Steel plant explosion: Review call after Port Talbot blast

Media playback is unsupported on your device
Media captionThe blast was caught on CCTV

The sound of an explosion at Port Talbot's Tata steelworks in the early hours of Friday woke people living up to 14 miles away.

A train carrying molten metal was the source of the blast. Two people were "slightly" hurt after a spillage of liquid iron caused fires.

It happened at about 03:30 BST and dozens of calls were made to emergency services.

Just four hours later, the plant reopened.

The steelworks is one of the town's largest employers, with 4,000 workers.

There has been steel produced on the site since 1902 with the height of the production during the 1960s.

But the very nature of steel making is dangerous. Molten metal, gasses and large heavy machinery is part of the working day for many on shift.

And sometimes things go wrong.

Image copyright Family photos
Image caption Stephen Galsworthy, Andrew Hutin and Len Radford were killed in the blast on 8 November 2001

Friday morning's blast would no doubt have evoked memories of an incident at the site nearly 20 years ago when at 17:00 on 8 November 2001 three men died.

The explosion at blast furnace number five killed 20-year-old Andrew Hutin, Stephen Galsworthy, 25, and Len Radford, 53.

Twelve others were seriously injured when the furnace was lifted off its base and blasted out 200 tonnes of steel slag and hot gasses.

The explosion was caused by leaking water building up inside the furnace.

For some, the latest explosion brought memories of 2001 flooding back.

Image copyright PA
Image caption The 2001 explosion, when the steelworks was operated by Corus, killed three people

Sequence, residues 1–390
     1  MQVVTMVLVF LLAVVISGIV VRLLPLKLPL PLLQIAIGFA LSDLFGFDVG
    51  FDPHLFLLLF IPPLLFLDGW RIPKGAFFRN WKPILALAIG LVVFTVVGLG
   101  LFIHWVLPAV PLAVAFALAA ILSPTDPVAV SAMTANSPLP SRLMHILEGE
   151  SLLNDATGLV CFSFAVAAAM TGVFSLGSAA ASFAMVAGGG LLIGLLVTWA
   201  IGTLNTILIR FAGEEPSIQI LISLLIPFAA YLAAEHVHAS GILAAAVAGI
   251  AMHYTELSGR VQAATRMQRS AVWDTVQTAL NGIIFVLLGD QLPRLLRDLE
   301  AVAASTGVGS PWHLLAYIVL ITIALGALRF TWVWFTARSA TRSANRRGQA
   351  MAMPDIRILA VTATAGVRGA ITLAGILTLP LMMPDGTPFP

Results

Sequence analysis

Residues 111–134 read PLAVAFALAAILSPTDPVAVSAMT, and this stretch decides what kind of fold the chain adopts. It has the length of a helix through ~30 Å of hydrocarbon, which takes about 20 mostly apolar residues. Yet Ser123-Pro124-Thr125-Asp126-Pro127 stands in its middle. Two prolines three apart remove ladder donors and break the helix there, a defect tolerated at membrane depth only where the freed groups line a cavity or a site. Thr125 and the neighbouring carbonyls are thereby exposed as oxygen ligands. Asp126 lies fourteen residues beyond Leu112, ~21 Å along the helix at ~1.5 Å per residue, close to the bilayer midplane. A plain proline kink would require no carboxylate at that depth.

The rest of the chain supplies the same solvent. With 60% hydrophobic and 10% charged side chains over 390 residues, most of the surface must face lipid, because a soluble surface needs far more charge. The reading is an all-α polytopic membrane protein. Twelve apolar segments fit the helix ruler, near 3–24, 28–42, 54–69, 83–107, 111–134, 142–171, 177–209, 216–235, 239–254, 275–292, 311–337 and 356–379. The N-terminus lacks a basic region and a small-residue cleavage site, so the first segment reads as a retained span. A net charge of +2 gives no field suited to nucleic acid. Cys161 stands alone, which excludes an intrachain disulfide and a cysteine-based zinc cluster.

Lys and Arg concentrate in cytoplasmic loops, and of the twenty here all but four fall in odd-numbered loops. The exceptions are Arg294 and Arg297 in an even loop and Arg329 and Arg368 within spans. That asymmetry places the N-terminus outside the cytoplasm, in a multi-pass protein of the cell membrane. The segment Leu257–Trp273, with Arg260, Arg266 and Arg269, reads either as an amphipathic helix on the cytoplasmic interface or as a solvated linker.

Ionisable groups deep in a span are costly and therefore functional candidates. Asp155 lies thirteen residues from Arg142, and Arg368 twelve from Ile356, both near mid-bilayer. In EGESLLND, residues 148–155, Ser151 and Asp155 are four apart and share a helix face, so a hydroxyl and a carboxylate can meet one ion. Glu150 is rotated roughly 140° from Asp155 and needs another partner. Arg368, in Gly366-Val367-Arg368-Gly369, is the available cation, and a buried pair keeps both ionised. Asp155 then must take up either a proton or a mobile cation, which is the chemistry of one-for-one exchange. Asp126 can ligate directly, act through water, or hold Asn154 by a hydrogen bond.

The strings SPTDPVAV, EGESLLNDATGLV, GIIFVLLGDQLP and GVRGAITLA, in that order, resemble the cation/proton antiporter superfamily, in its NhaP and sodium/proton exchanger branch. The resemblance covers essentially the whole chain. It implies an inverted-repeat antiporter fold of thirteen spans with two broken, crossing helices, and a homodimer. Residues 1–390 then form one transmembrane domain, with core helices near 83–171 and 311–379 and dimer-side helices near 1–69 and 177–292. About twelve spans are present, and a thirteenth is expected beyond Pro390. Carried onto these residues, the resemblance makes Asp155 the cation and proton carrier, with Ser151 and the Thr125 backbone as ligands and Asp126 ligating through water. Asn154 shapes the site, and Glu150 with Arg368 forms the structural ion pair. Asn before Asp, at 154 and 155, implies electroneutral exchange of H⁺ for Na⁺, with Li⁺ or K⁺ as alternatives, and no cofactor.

Craig Williams, who lives nearby and was woken by the explosion, said: "My father was working at the steel works back then and this morning my first feeling was utter dread.

"Back then I was 16 and my first thought was 'was my father ok?'

"This town revolves around that steelworks so when something like this happens, we feel it as a town, all of us do, because we've all got friends and family who have worked there or involved there in some way."

In 2006, Kevin Downey, who was hailed as a hero for his actions in the furnace number five explosion, died after falling into molten waste.

And two workers were injured in two separate incidents in 2012.

In March of that year, a man was taken to hospital with superficial burns after an incident at the plant.

In August a man was badly injured after he became trapped and was airlifted to University Hospital of Wales in Cardiff.

Image copyright PA
Image caption The steelworks in Port Talbot on 9 November 2001, the day after three men perished in an explosion

Now there are calls from Aberavon's MP Stephen Kinnock and AM David Rees for a full review into the latest incident.

Mr Kinnock said the incident "raises real concerns about safety at the works".

"It could have been a lot worse. Grateful as always to the emergency services for their rapid and effective response," he wrote on Twitter.

Mr Rees added: "There are many questions this morning from employees and residents about what happened that caused such an explosion that affected so many households in the Port Talbot and neighbouring communities.

"It is important that we find out what happened, why it happened and what must now be done to avoid future such incidents."

Tata Steel said Friday's explosion came from a train used to carry molten metal, but the fires at the plant were now out and all employees had been accounted for.

More on this story